If you employ staff, it is essential you keep in tune with what employment law changes are coming down the tracks this year. Here is a summary:

Sick Leave

Currently there is no statutory obligation on employers to pay employees who are absent from work on sick leave – whether certified or uncertified. New legislation will provide for:

The introduction of statutory sick pay scheme.
A requirement for employers to pay sick pay at a rate of 70% of an employee’s wage, subject to a daily threshold of €110.
It is proposed to phase the sick pay scheme in over a four-year period as follows:
3 days per year in 2022
5 days in 2023
7 days in 2024
10 days in 2025

Remote Working

The Government has published a Right to Request Remote Working Bill where employees will have a statutory right to request remote working. Employers will have to follow a statutory process when dealing with such requests, within certain timelines. If you don’t have a Remote Working Policy in place, now is the time to put it in place.

Public Holidays

This year we had the benefit of a public holiday, following the already established public holiday of St. Patrick’s Day. From 2023, the first Monday in February will be a public holiday. However, should the 1st day of February happen to fall on a Friday, then Friday 1 February will be a public holiday.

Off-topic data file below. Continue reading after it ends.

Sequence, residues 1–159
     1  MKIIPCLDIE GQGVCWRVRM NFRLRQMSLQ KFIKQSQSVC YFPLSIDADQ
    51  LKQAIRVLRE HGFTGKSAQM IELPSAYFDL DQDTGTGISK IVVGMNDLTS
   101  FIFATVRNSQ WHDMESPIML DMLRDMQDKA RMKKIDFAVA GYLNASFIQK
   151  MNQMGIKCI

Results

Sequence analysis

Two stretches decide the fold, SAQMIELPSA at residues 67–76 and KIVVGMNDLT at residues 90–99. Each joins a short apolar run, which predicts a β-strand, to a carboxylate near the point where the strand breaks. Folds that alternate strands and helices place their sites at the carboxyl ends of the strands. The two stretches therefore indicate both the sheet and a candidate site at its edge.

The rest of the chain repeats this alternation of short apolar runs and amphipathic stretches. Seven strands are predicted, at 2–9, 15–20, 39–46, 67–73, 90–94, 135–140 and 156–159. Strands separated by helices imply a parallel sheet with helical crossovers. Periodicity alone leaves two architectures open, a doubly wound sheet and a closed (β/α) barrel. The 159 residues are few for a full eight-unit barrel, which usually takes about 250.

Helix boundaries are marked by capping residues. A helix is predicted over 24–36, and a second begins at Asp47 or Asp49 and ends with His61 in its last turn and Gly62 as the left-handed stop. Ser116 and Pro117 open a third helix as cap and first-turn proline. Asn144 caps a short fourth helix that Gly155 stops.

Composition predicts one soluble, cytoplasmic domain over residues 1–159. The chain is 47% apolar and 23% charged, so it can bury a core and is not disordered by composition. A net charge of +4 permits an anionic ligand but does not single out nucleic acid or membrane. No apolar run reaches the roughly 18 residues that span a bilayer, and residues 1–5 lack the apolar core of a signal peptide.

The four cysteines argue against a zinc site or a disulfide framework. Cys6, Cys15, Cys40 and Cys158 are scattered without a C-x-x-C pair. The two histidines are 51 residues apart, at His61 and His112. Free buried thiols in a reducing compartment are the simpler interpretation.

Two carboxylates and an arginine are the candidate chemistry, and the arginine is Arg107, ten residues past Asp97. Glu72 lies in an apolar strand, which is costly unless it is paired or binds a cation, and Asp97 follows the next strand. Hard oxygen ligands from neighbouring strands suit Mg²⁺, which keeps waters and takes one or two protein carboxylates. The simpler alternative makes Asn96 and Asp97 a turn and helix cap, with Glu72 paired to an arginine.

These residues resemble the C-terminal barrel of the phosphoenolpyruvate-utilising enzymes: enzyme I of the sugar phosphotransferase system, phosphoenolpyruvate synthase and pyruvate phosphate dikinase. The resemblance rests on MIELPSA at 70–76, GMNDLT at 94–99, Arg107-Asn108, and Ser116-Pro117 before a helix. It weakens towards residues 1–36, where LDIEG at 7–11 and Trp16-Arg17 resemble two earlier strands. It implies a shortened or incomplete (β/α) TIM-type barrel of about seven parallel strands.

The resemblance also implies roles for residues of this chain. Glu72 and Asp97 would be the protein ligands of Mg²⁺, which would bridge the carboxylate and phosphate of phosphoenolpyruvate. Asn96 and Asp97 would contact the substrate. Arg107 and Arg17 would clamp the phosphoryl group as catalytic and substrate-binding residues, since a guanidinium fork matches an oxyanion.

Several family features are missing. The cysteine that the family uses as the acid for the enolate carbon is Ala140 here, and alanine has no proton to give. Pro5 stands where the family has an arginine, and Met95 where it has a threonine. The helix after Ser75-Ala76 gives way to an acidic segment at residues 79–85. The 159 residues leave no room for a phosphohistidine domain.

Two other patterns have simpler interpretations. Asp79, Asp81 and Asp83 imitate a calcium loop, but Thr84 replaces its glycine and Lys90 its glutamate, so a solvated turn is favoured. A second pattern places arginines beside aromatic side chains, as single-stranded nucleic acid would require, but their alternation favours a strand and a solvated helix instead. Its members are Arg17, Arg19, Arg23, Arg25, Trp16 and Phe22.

Protected Disclosures: Whistleblowing

New Protected Disclosures legislation, once enacted, will:

Expand the ambit of “relevant wrongdoings”.
Apply to volunteers, interns, job applicants, suppliers, shareholders, and non-executive directors.
Exclude interpersonal grievances from “relevant wrongdoing”.
Require that employers with 50 – 250 employees establish whistleblowing procedures and internal channels.


Time off for breastfeeding breaks is to be extended to 2 years.

Transgender men who have obtained a gender recognition certificate under the Gender Recognition Act 2015, and later give birth, would also be entitled to maternity leave.


Many employees were laid off during Covid 19. Certain lay-off periods between 13 March 2020 and 30 September 2021 because of the Pandemic will be reckonable for the purposes of calculating an employee’s statutory redundancy entitlement.

Predictable Working Conditions

All employees will have the right to more complete and detailed information on the essential aspects of the work the undertake. It includes:

Placing a six-month cap on probationary periods, except in exceptional circumstances.
Preventing employers from disallowing an employee from working for another employer outside work hours or penalising them for doing so.
Setting minimum conditions for the predictability of work providing that after six month’s service an employee can request a form of employment with more predictable and secure working conditions.

What should you do?

Keep an eye out to when these changes come into place. You will need to adjust existing policies or in some cases develop new ones. Canavan Byrne can help. Contact This email address is being protected from spambots. You need JavaScript enabled to view it.